SoulTracks Lost Gem: George Duke brought all the stars in for "Fame"

The late, great George Duke hit his second stride as a solo artist during his tenure with Warner Bros. Records for most of the 1990s into the early 2000s. After racking up scores of much-loved and successful recordings as a composer and producer for a slew of R&B, pop, and jazz artists throughout the ‘70s and ‘80s, he turned his attention more centrally to his own creative endeavors as a keyboardist and vocalist with the 1992 album, Snapshot.

The late, great George Duke hit his second stride as a solo artist during his tenure with Warner Bros. Records for most of the 1990s into the early 2000s. After racking up scores of much-loved and successful recordings as a composer and producer for a slew of R&B, pop, and jazz artists throughout the ‘70s and ‘80s, he turned his attention more centrally to his own creative endeavors as a keyboardist and vocalist with the 1992 album, Snapshot.

Aside from notable contributions from a then relatively unknown Rachelle Ferrell and still new-to-the-public-at-large Phil Perry, Snapshot boasted an all-star line-up of supporting vocal players—most prominently on the uptempo jam, “Fame.” While it was a slow-jam on the album (“No Rhyme, No Reason”) that garnered Duke the most chart action at the time, regular viewers of then very music-centered cable network BET may well recall seeing the colorful promo video for “Fame” in regular rotation. The stellar features on the the track by Howard Hewett, Jeffrey Osborne, Keith Washington, Deniece Williams, Philip Bailey, and Lori Perry (along with Phil Perry and a newly rising Chanté Moore) made for one dynamic collaboration.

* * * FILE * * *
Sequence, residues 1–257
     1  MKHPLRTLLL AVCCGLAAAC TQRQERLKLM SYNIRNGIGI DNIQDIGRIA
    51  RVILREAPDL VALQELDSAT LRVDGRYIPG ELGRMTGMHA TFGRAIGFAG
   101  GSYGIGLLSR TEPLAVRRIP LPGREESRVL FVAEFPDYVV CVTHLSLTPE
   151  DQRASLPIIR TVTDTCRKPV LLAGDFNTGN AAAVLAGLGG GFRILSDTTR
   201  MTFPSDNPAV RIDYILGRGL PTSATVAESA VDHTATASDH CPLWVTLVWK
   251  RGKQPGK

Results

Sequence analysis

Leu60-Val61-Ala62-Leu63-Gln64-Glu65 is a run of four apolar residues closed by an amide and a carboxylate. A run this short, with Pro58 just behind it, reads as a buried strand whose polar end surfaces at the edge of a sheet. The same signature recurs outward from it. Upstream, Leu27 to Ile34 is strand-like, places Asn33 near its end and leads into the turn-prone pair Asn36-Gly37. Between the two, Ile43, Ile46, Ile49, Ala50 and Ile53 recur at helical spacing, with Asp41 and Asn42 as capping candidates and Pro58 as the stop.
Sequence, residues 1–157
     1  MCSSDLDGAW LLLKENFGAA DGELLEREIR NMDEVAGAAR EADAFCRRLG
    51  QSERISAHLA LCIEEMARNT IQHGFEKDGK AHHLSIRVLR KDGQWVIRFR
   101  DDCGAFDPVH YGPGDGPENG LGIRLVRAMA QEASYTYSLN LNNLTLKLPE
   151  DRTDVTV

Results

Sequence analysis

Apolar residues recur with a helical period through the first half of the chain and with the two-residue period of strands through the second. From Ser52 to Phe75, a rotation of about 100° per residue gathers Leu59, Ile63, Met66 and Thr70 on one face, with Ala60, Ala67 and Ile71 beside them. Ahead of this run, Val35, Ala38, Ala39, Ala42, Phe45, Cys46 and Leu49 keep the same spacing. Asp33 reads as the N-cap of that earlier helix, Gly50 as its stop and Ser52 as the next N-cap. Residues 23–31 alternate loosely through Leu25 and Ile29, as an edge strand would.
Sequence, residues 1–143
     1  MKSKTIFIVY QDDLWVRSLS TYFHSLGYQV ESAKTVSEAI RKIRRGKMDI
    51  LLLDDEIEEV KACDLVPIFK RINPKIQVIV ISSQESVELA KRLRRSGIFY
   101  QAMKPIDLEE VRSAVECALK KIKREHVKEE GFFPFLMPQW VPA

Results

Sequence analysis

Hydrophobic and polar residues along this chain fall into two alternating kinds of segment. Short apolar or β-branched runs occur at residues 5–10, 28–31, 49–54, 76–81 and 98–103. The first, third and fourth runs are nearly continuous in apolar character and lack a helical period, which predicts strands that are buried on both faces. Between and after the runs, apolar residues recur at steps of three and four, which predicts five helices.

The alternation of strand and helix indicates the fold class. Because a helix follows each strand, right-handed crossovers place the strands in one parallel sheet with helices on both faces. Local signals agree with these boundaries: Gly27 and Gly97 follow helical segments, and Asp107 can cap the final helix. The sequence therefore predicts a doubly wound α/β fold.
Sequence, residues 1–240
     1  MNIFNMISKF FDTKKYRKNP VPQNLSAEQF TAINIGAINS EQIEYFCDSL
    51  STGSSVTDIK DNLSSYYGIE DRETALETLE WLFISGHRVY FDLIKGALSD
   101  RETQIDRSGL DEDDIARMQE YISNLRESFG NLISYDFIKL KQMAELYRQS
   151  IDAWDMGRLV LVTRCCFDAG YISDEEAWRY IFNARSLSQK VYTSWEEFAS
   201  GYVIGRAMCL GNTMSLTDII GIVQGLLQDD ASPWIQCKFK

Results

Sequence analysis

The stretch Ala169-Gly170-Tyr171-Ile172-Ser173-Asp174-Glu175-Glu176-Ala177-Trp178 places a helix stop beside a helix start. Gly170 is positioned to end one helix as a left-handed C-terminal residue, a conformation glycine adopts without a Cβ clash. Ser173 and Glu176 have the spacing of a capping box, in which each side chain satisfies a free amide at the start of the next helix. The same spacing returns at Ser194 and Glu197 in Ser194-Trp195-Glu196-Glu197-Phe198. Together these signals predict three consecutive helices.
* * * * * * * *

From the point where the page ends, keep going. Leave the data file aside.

Although the lyrics to “Fame” are fairly standard fare, Duke’s musicality shines throughout the tune, both via his piano work and expert matching of melodies with each singer’s individuality. Furthermore, given that several of these legendary performers were experiencing relatively dry spells in their careers during the early ‘90s, the single was all the more thematically relevant while being carried out in a fun and classy manner.

For some mysterious reason, “Fame” came and went, for the most part, with nary a trace. So, do yourself a favor and check out this feel-good meeting of mighty voices while celebrating George Duke’s profound legacy. It’s our latest SoulTracks Lost Gem. You might not know what you’ve been missing!

by Justin Kantor

 

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